Standard&Poor’s (S&P) raised Bulgaria’s long-term foreign currency credit rating by one notch to BBB and maintained a positive outlook in its latest rating review. The agency motivated its decision with the country’s strong fiscal and external balance sheets and added that the Bulgarian economy is growing without building macroeconomic imbalances. In addition, S&P’s upward revision of the rating was related to Bulgaria’s progress regarding its prospects to join the ERM-II mechanism.
The upgrade overall reflected S&P’s projections for resilient economic growth and strong fiscal performance in the short run. Bulgaria has managed to come up with budgetary surpluses in the 2016-2018 period and will possibly do so in 2019 and the upcoming years, the agency said. Bulgaria’s net government debt fell by 6pps compared to 2014 and the current account has a strong surplus compared to its balanced position in 2015, the agency continued. Accordingly, the low government and private sector debt levels, as well as the CA surpluses facilitating external deleveraging, can be seen to provide sufficient buffers for Bulgaria in case of external shocks. GDP growth has not been tied to growing macroeconomic imbalances, S&P also said. The agency considered that external competitiveness has been maintained despite the tight labor market in the country.
S&P expects a 3.6% GDP growth in 2019 on the back of strong private consumption. Economic growth is projected to ease to an average of 3% in 2020-2022 due to weaker external demand. Domestic demand will remain robust on the back of continuing rapid real wage growth and accelerating EU fund absorption, S&P said. A major risk to economic growth will stem from Bulgaria’s shrinking working-age population. The demographic crisis will also require continued structural reforms to address judiciary system efficiency, labor market shortages, corruption and other pressing issues, according to the rating review.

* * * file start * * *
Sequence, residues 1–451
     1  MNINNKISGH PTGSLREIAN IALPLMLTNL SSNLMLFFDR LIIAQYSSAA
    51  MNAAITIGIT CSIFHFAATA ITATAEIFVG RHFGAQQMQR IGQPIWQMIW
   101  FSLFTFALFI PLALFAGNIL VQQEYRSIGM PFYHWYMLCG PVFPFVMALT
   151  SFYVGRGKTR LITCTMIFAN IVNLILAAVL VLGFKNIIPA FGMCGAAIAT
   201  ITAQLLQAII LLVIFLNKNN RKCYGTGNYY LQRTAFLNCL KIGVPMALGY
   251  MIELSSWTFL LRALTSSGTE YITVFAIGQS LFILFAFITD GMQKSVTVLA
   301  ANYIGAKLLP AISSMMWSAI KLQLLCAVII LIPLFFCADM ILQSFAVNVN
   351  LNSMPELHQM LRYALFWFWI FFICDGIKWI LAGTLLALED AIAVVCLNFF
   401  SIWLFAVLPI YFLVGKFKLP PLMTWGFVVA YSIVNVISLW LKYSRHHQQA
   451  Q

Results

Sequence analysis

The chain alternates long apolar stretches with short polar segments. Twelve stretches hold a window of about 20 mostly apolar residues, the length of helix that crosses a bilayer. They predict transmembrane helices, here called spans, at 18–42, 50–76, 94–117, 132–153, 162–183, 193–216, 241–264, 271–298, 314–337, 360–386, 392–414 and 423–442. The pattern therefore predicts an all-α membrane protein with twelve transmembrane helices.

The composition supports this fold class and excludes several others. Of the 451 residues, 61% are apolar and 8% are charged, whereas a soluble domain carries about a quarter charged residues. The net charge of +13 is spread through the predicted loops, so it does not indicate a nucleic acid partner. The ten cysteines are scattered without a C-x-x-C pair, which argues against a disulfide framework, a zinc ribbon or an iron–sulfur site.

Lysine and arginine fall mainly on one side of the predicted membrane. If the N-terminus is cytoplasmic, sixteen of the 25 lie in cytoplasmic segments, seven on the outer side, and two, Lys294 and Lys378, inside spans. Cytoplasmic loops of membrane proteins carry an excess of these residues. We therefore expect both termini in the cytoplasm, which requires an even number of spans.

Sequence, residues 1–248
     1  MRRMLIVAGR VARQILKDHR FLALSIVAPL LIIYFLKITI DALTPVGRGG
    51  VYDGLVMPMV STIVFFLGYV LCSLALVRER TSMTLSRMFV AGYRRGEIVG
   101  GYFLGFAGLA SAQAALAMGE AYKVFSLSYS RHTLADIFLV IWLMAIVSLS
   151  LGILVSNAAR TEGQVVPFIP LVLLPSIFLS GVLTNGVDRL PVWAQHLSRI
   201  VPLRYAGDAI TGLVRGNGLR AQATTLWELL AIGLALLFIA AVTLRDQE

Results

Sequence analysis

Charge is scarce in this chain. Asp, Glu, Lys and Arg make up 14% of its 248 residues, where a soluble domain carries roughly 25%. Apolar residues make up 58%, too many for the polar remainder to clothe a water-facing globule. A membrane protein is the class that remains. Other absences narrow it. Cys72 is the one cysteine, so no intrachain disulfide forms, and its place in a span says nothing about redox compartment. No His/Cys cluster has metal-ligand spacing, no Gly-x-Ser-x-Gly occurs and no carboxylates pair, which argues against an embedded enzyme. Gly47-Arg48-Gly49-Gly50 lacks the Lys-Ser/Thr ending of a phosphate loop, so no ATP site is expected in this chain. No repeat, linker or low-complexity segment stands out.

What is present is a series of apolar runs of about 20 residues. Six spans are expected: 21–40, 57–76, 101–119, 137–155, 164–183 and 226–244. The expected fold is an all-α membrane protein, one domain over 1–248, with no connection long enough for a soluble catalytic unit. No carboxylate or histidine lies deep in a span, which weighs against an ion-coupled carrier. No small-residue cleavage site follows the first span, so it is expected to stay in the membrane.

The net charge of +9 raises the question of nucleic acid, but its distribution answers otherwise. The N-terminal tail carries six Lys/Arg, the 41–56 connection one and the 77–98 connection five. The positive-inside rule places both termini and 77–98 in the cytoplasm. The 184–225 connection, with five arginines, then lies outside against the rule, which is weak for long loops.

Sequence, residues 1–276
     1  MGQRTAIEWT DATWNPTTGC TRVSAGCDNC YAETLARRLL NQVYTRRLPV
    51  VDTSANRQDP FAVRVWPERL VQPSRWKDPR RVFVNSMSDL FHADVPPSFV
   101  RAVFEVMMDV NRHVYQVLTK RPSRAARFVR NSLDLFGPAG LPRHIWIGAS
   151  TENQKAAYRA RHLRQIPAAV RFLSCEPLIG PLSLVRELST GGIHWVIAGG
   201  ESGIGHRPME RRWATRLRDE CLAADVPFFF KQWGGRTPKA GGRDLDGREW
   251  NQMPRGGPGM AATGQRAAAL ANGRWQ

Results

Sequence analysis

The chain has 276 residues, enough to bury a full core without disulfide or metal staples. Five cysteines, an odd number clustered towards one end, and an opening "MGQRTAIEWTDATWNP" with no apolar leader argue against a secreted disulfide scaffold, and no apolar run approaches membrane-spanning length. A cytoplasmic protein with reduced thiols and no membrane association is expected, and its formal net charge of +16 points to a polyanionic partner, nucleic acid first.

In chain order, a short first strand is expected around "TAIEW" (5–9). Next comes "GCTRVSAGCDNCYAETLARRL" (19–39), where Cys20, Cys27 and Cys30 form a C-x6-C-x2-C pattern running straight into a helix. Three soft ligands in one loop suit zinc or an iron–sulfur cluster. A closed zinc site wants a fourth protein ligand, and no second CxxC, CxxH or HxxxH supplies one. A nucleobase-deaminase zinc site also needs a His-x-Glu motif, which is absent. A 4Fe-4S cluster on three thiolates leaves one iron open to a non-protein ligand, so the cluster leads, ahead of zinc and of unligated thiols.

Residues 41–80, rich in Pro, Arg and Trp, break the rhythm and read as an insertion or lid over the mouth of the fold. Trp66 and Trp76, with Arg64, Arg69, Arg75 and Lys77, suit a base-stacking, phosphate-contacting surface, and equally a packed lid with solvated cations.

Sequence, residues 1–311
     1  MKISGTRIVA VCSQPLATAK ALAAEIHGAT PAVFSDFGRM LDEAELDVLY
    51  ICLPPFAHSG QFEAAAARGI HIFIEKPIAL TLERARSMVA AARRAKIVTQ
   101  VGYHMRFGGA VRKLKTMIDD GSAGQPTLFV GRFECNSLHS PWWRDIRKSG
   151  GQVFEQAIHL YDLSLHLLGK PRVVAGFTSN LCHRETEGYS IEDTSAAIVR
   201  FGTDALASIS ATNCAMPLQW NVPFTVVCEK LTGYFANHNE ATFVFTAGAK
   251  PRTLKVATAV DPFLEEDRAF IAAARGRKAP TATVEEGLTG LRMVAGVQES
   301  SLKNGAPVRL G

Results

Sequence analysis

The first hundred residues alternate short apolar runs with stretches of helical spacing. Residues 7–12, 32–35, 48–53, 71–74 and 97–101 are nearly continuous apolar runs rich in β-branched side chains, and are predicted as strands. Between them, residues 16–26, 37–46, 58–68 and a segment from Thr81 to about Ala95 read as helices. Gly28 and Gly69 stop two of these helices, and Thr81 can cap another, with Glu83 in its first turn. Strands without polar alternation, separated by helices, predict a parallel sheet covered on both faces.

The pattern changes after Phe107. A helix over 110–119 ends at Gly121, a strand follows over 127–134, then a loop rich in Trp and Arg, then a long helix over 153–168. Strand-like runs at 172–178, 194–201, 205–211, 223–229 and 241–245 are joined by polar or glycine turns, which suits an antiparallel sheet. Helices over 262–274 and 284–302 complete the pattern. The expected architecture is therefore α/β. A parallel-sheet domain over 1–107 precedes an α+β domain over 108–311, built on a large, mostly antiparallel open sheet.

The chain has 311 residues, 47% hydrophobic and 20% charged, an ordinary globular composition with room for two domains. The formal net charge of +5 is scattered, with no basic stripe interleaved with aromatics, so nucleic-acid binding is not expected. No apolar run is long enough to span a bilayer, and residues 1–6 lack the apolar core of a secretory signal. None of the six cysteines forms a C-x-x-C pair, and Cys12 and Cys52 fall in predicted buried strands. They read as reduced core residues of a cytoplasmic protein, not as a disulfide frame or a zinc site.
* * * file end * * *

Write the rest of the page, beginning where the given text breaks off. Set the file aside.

Another positive factor supporting Bulgaria’s rating upgrade was the completion of necessary steps under its action plan for ERM-II and EU’s Banking Union membership, S&P said. The agency believed that institutional convergence has progressed given the legislation alignment, including the implementation of EU legislation on the Bulgarian National Bank and macro-prudential supervision, the amendments in the insolvency framework, the framework for state-owned enterprise management, non-banking supervision and anti-money laundering legislation.
S&P will raise further Bulgaria’s rating if the economy continues its resilient growth without compromising with its fiscal position or in case the external performance improves beyond the projections. Any structural and institutional improvements could also result in a new upgrade of Bulgaria’s rating. On the downside, the outlook could be revised downwards to stable in case of external financing pressures or the accumulation of significant macroeconomic imbalances, S&P said.
PM Boyko Borissov commented that S&P’s upward revision of Bulgaria’s rating reflected the government’s efforts to improve its finances. Finance minister Goranov added that Bulgaria now has the highest rating among its peers on the entire Balkan Peninsula, which is a signal that Bulgaria is economically stable and provides higher security for investors.